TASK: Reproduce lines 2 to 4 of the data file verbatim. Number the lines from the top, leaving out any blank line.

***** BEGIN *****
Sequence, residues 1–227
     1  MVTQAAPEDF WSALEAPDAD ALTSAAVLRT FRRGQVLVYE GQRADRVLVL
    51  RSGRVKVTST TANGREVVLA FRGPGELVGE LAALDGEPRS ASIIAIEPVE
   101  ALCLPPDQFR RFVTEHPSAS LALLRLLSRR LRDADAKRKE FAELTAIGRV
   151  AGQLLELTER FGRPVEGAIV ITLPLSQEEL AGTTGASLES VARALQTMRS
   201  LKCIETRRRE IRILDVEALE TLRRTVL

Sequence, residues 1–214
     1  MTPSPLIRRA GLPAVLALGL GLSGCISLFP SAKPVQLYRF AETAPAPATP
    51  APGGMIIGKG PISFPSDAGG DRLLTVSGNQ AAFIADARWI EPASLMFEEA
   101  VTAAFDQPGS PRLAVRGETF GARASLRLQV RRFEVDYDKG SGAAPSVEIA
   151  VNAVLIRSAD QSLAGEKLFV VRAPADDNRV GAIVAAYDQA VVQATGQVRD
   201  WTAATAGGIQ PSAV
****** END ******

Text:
     1  MVTQAAPEDF WSALEAPDAD ALTSAAVLRT FRRGQVLVYE GQRADRVLVL
    51  RSGRVKVTST TANGREVVLA FRGPGELVGE LAALDGEPRS ASIIAIEPVE
   101  ALCLPPDQFR RFVTEHPSAS LALLRLLSRR LRDADAKRKE FAELTAIGRV